Senators give Islanders something to think about

Photo: Kathleen Malone-Van Dyke

The NHL finished the first part of the season recently, so it’s time to check the standings of where your favorite NHL team is.

Your New York Islanders are in the top three in the highly competitive Metropolitan division standings, which is significant since it would mean they would qualify for the playoffs if the season ended today. The Ottawa Senators have been sputtering to start the season with a seven-game winless skid to show for it after an Eastern Conference playoff run last year, which they took the Pittsburgh Penguins to seven games until they lost to them in the Eastern Conference finals in two overtimes of Game 7.

Unfortunately for the Islanders and fortunately for the Senators, the standings are irrelevant right now. Still, this game had meaning for both teams despite being one of those 82 games in a long season. For the Islanders, it was a chance to show the Senators they would be a force come playoff time. For the Senators, it was a chance to show the Islanders what to expect out of a playoff experienced team come springtime.

What did we learn in the Senators’ 6-5 victory over the Islanders at Barclays Center Friday night? The Islanders have ways to go before they can be taken seriously as a playoff team, and the Senators showed they can turn it on when they want to, which is why they did.

The Islanders and Senators were clearly ready to go when they combined to score five goals in the first period. It’s rare that happens in a game that features the Senators, but it did happen. It had to be surprising for the goaltenders and the coaches of their respective teams.

This game won’t be remembered fondly since both teams combined for 11 goals. It’s never good when the game had a 6-5 ending. While it raised confidence for the Senators, the Islanders have to be disappointed. Their defense failed them, and their goaltending stunk. Therein lies the rub: The defense and goaltending have been the Islanders’ weakness in recent years, and this year is no better since it’s the same cast of characters. That should not be forgotten despite their good start, and the Islanders know this.

The goaltending is a concern. Thomas Greiss and Jaroslav Halak does not scare anyone come postseason. They may be good enough to win regular season games, but in the postseason, they need to be above average.

Halak has showed he can dominate a game as he demonstrated in the Islanders’ Eastern Conference quarterfinals against the Washington Capitals three years ago. Still, he has been too inconsistent to the point Islanders coach Doug Weight trusts Greiss than him.

As for Greiss, he is what he is. He is decent at best. Opposing teams keep waiting for him to give up a goal when it matters the most. He is also good to give up goals that he should be saving.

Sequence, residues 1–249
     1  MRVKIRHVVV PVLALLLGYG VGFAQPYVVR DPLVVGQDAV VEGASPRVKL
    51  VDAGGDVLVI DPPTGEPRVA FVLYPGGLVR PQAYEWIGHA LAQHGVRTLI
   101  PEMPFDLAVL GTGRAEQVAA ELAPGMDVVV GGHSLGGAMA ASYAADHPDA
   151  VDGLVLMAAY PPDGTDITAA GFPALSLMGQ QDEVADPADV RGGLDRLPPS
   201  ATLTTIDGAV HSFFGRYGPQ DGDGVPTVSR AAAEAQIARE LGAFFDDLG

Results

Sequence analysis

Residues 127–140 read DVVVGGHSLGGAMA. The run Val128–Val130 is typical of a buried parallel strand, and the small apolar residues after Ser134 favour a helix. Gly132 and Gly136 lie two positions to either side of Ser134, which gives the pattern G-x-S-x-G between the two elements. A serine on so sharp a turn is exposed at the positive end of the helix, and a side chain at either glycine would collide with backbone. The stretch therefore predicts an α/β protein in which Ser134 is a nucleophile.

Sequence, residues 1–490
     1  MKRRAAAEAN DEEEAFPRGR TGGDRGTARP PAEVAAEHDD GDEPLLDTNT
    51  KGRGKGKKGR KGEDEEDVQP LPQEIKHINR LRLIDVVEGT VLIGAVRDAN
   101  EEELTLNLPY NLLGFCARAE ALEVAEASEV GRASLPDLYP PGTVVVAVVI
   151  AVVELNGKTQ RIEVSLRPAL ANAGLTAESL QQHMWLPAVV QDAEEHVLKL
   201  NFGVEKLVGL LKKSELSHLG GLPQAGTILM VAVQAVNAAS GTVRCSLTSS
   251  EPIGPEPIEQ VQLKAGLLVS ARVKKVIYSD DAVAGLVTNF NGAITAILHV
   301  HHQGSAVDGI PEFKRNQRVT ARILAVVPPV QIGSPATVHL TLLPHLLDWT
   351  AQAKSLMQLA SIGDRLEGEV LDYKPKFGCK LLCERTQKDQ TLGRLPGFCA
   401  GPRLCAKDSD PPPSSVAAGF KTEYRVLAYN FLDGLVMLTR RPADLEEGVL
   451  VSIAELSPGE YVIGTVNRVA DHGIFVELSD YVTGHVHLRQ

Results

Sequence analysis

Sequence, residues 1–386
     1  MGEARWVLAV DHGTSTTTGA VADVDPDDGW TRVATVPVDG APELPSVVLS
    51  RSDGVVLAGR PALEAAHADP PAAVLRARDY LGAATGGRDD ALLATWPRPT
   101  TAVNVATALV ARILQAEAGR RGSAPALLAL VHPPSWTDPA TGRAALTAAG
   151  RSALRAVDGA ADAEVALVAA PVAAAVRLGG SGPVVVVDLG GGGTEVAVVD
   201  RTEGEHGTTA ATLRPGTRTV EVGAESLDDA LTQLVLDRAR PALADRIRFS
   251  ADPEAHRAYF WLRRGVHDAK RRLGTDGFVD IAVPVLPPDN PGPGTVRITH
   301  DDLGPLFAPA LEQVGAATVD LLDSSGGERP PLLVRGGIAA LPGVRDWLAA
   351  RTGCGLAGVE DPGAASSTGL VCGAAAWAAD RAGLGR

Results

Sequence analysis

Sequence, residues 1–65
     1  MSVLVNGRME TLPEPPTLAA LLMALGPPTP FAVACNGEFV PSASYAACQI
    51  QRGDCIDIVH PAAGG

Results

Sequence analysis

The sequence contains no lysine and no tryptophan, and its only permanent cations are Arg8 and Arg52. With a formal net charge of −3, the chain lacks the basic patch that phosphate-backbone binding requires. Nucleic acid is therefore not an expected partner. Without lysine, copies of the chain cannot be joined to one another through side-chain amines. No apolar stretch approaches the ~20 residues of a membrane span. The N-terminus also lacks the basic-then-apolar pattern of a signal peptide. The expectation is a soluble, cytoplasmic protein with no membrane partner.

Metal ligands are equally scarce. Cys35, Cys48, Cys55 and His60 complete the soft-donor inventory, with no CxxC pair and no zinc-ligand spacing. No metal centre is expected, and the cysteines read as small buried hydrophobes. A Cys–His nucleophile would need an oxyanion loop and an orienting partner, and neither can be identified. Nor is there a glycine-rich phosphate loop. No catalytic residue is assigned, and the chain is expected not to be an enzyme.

It was interesting why Weight kept Greiss despite not having it in the game. His patience ran out when his goaltender gave up the fifth goal that tied the game at 5 in the second, so he benched his starting goaltender for Halak, who gave up a power-play goal to Ryan Dzingel, giving the Senators the go-ahead lead in the third period.

It was a move that was too little too late. It was also telling the Islanders head coach had no faith in Halak for him not to switch to him in the second period.

The Islanders tried to trade Halak last year, but there were no takers, so he and the team are stuck with each other. It’s hard to believe Halak is the answer if his coach can’t trust him.

The Islanders have to trade for a goaltender in the trade deadline, but that’s easier said than done since teams are not willing to give up goaltenders for the sake of doing so. They have no options in the minors. It’s a tough position for them to be in.

The Islanders defense constantly got burned, and it showed again several times last night when the Senators were able to skate past them to score. The Islanders also turned the puck over.

Once the Senators scored the sixth goal in the third period, they were ready to implement the dreaded neutral zone trap on the Islanders, who struggled to get past it.

With the start the Islanders had, the thought was a miracle would happen and the game would be tied heading to overtime. They had good shots at Senators backup goaltender Mike Condon, who relieved Craig Anderson midway through the second period. Jordan Eberle fired the puck at a rocket speed to surprise Condon, but he was denied, and that was it.

The Islanders can only rely on comebacks and grit for so long. The issues still remain, and Friday night was a reminder how far they have to go, even it was game one.

Rest assured, Islanders general manager Garth Snow and Weight are not kidding themselves.

 

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